With the majority of the world’s population now living in cities, questions about the cultural and political trajectories of urban societies are increasingly urgent. This book explores the global city as the site where these questions become most prominent.
Author: Myria Georgiou, Associate Professor in the Department of Media and Communications, London School of Economics and Political Science.
Published by: Polity
MORE – As a space of intense communication and difference, the global city forces us to think about the challenges of living in close proximity to each other. Do we really see, hear and understand our neighbours? This engaging book examines the contradictory realities of cosmopolitanization as these emerge in four interfaces: consumption, identity, community and action. Each interface is analysed through a set of juxtapositions to reveal the global city as a site of antagonisms, empathies and co-existing particularities.
A recent issue of open-access journal “Communication +1” deals with the topic of New Materialism. They write:
"Given the recent emergence of new perspectives in critical theories, such as Object-Oriented Ontology, Speculative Realism, Alien Phenomenology, Flat Ontology, and associated research programs, this issue seeks to explore the implications of these perspectives for the study of communication and media. We use the term, New Materialism, broadly to include all the aforementioned as well as other related approaches in the hope to be as inclusive as possible and to encourage diverse voices and analytic angles that focus on the forms and processes of mediation across different fields. We are particularly interested in works that engage with the theoretical underpinnings of New Materialism to challenge the text-centered approaches in media and communication studies."
View full issue: http://scholarworks.umass.edu/cpo/vol2/iss1/
Normative democratic theory does not lie securely above societal argumentation but is instead a crucial part of it. We need to know not just how the public should reason, but how it actually does reason, or could reason in better foreseeable circumstances. After all, given the general societal and cosmopolitan challenges that we face, the health and the necessary extension of democracy fundamentally depends on the reasoning capacities of the public. The concept of the public sphere is intrinsic to understanding this process, but it has long been limited by its division into the twin approaches of normative argumentation in democratic theory and empirical-theoretical application in the social sciences. This book aims to go beyond this entrenched divide to show how democratic theory can become empirically applicable and the social sciences normatively relevant.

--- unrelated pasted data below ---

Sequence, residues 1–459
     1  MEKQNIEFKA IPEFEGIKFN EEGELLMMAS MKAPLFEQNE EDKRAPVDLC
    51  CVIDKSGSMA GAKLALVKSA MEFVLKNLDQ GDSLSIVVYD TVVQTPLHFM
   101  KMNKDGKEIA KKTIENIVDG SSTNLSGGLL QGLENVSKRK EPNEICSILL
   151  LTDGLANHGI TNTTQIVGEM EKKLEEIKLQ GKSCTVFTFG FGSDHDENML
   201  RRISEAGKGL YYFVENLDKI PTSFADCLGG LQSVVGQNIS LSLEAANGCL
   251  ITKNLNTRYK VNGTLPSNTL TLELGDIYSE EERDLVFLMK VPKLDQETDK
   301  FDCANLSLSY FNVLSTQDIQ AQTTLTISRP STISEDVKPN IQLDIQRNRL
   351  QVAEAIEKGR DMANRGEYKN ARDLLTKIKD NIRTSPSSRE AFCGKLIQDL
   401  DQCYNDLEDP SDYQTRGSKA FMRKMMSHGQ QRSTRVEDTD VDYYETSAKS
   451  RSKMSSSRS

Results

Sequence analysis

Author: Patrick O’Mahony, Senior Lecturer in Sociology in the School of Sociology and Philosophy at University College Cork, Ireland.
Published by: Peter Lang
This book seeks to understand the problematic encounter we have with experiences of suffering, the ‘aversive affects’ that trouble but also enliven, or intensify, media forms and communication processes. McCosker argues that as participants in global media and communication environments, our inherent vulnerability to the intensities and aversive affects of pain, while highly unpredictable, stands as both a requisite and catalyst for individual and collective thought and action in many key spheres of social life.
Author: Anthony McCosker lecturer in Media and Communications, Swinburne University of Technology, Melbourne
Published by: Palgrave Macmillan
More: There is something unsettling, but also powerful, in the encounter with individual and collective experiences of human suffering. Intensive Media explores the discomfort and fascination initiated by instances of pain and suffering, their ‘aversive affects’, as they trouble but also vitalise contemporary media environments. In the contexts of crisis, conflict and suffering explored throughout this book, aversive affect operates micropolitically to make explicit or hide the material conditions that surround instances of pain in all its specificity. In so many scenarios, personal, social and political stakes are set around the thresholds of intensity that give rise to encounters with the ‘sense’ of pain and the unpredictable valences of its aversive affects. McCosker’s case studies develop outwards from the middle of what has been referred to as ‘the problem of pain’, a problem that traverses media, communication, art, sociality and politics in their confrontation with affect, biology and neurophysiology.